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Fight club: Treatment of Griner leads to WNBA brawl between Dallas and Phoenix

Brittney Griner

(Photo by Christian Petersen/Getty Images)

What’s the world coming to when a brawl breaks out in a WNBA game that results in the ejection of six players?

The Phoenix Mercury and Dallas Stars were midway through the fourth quarter in Phoenix on Saturday, the Mercury up by six, when 6-foot-9 center Brittney Griner tangled under the basket with Stars rookie Kristine Anigwe, who had just been acquired from the Connecticut Sun.

Obviously upset with the way she was being treated, Griner, a WNBA All-Star and USA Olympian, cocked her elbow, swung it at Anigwe and then charged at her along the sideline near the scorer’s table between the benches.

That led to both benches emptying, the players and coaches locked in a scrum, pushing and shoving to the point Dallas’ coach Brian Agler was almost knocked to the floor.

“Unfortunate about the fight,” said Agler. “Didn’t help either team, but you know those things are going to happen.”

The tension lasted almost two minutes before things finally calmed down. The officials then gathered around a monitor and decided Griner and Anigwe, along with Diana Taurasi and Briann January of Phoenix and Kayla Thornton and Kaela Davis of the Wings should be ejected.

“I went on the court to make sure my teammate didn’t get jumped,” said Taurasi, a four-time Olympic gold medalist and the WNBA’s all-time leading scorer. “(Griner) got punched in the face and then someone ran on her back and threw punches at her face. I would do that 100 times out of 100 times.”

It had already been a chippy game and neither team was happy with the way it was being officiated. You know, the WNBA has the same problems the NBA has in terms of inconsistent officiating although things rarely, if ever, get out of hand.

Aniqwe, originally a 2019 first-round pick of the Sun, already had an issue with Griner, one of the greatest players in league history. When the Sun and Mercury played on August 1, the two engaged, shoving and elbowing each other on numerous occasions.

Aniqwe isn’t the only post player who has tried to play it tough with Griner in the effort to minimize her impact. And Griner – and her teammates – have become increasingly frustrated with the way it’s all been seemingly been overlooked.

“When you have referees that can’t handle situations and let situations get to that point — I mean, BG pretty much gets beat up every single game,” said Taurasi. “The minute she steps on the floor, she basically gets physically abused and a person can just take so much. I think she’s been doing a great job of being poised and just playing her game, (but) when you get hit in the face and the refs aren’t willing to protect you night in and night out, you’ve got to protect yourself.”

Taurasi, who had back surgery before the season, did not play in Sunday’s game, but was ejected for leaving the bench.

“They definitely don’t pay you enough money (in the WNBA) to not protect yourself and BG has a lot at stake playing all around the world and if this league feels like it shouldn’t protect their players by letting a lot of things go during the game,” said Taurasi. “I’ve obviously watched a lot of games this year because I haven’t been playing and this is the most physical (the league has) been in a long time, and when you say you want things to be free-flowing and you want freedom of movement and then you see people just physically hitting each other the whole game throughout the year, things like this will keep happening.”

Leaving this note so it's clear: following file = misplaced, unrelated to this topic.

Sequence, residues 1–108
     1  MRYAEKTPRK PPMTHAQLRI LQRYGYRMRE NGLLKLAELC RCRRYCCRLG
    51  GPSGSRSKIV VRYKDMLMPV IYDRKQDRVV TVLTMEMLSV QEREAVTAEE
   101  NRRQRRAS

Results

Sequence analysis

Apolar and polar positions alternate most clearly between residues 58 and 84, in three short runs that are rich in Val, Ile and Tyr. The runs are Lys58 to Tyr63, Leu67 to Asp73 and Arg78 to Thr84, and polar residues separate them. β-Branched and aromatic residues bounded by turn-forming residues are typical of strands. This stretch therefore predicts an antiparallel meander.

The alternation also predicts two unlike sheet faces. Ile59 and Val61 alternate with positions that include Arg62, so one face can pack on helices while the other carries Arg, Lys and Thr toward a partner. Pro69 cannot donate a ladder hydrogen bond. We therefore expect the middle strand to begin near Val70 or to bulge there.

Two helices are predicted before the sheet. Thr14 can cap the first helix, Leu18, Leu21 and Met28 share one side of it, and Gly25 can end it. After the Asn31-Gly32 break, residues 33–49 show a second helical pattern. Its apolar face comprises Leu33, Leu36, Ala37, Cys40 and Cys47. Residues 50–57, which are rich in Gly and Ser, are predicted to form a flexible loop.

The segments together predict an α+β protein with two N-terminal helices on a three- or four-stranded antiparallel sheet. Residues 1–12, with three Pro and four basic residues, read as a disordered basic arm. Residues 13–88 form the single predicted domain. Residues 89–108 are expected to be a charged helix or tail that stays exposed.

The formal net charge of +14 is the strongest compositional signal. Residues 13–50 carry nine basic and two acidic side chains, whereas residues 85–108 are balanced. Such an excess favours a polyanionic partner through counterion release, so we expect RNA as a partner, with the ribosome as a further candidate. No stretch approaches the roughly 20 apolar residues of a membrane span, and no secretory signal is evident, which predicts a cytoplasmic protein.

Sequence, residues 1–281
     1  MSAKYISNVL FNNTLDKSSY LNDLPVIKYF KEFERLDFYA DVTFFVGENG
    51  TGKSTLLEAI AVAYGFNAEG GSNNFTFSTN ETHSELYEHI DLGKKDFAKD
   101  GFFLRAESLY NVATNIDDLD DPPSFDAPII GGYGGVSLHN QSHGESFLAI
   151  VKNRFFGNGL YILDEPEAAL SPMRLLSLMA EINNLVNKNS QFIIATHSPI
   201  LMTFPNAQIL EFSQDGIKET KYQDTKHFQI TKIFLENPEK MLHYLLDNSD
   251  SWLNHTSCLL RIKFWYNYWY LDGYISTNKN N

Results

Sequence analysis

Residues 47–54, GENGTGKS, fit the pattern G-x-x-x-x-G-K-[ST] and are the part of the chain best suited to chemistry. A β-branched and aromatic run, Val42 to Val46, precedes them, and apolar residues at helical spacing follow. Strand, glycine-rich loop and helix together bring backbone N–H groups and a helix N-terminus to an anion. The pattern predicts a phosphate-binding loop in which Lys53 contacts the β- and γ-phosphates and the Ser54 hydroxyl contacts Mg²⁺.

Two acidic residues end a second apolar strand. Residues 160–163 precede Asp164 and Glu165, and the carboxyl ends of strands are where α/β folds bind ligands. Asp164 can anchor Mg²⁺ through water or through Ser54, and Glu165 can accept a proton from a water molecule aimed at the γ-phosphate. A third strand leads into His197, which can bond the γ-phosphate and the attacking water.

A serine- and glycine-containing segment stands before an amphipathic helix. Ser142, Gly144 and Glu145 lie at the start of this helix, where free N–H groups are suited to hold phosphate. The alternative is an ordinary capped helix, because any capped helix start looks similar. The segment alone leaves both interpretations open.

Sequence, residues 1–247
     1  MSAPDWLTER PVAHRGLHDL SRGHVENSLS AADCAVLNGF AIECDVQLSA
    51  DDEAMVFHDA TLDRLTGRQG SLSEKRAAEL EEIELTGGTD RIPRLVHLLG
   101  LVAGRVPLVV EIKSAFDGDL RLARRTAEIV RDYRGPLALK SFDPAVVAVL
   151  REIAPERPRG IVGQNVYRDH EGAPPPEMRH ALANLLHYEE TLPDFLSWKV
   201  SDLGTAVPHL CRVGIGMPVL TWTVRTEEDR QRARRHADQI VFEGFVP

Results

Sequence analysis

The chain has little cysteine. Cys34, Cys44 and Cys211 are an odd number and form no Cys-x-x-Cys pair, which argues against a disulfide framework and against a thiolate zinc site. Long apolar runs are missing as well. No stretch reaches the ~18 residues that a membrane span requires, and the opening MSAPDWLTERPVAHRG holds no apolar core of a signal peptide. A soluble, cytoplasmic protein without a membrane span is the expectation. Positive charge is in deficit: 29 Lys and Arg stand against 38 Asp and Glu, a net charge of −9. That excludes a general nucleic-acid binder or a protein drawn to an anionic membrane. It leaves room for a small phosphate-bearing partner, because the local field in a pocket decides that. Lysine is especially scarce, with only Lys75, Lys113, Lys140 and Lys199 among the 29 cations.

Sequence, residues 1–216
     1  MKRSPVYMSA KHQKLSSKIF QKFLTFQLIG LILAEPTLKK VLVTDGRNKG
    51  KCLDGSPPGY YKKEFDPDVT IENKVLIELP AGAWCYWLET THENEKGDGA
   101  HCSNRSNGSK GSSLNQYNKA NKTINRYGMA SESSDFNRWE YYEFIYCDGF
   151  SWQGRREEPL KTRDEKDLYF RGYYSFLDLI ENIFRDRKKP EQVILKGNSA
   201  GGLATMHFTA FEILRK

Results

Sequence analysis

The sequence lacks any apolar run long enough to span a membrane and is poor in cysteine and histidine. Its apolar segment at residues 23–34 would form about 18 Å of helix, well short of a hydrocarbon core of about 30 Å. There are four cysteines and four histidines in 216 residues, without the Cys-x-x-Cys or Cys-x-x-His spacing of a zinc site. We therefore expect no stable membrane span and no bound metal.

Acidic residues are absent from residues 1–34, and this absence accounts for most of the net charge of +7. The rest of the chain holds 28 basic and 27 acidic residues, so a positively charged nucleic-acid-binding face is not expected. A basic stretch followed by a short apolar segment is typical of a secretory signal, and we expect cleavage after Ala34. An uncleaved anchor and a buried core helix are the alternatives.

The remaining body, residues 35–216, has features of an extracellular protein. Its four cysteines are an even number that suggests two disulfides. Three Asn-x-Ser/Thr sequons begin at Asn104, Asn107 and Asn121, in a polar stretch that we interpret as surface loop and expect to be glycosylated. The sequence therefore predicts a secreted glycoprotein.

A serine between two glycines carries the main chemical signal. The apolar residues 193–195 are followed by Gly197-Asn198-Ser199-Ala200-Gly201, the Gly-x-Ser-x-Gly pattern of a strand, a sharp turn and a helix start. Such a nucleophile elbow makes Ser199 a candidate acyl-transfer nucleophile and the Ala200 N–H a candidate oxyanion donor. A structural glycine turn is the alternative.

Phoenix Mercury center Brittney Griner (42) and Connecticut Sun center Kristine Anigwe (31) battles for position

(Photo by M. Anthony Nesmith/Icon Sportswire via Getty Images)

Griner’s point of view would have been interesting. But the Mercury did not make her available to the media after the game.

“Anigwe was doing the same thing to BG a couple of weeks ago when were we in Connecticut,” Mercury guard Leilani Mitchell told The Athletic. “We just watched the replay and she punched BG first, so of course you can’t be mad at BG. She’s gonna protect herself. It got out of hand. That’s on the refs. They have to stop that earlier.

“I think BG has been doing a good job (of controlling her emotions). People foul her all the time. Today, I think it’s fine for her to retaliate. They’re not just being physical. (Anigwe) actually swung and hit her in the face so BG should go after her and (Anigwe) knew too because she swung at BG and she ran, trying to get a cheap shot in.”

The WNBA is investigating the incident.

“We are already following and activated our usual protocol around events like this,” WNBA president Cathy Engelbert told The Associated Press on Sunday. “It’s an emotional game and these women are elite athletes trying their hardest to win. Now that we’re at the back half of the year, we’re getting to that time where really every game counts from here on in.

“There’s a lot of parity in the league this year when you look at 1-12. We’ll deal with that protocol and deal with it and hopefully have something to conclude upon. We’re looking at all the video and talking to all the folks. We have people on planes today. We’re all here. We’re on it.”

League rules call for a minimum one-game suspension if a player throws a punch or leaves the bench area during an altercation.

According to the AP, there has been only one incident in WNBA history that mirrors what happened this week. Los Angeles and Detroit got into it in 2008 which led to the suspension of 10 players and an assistant coach.

 

 

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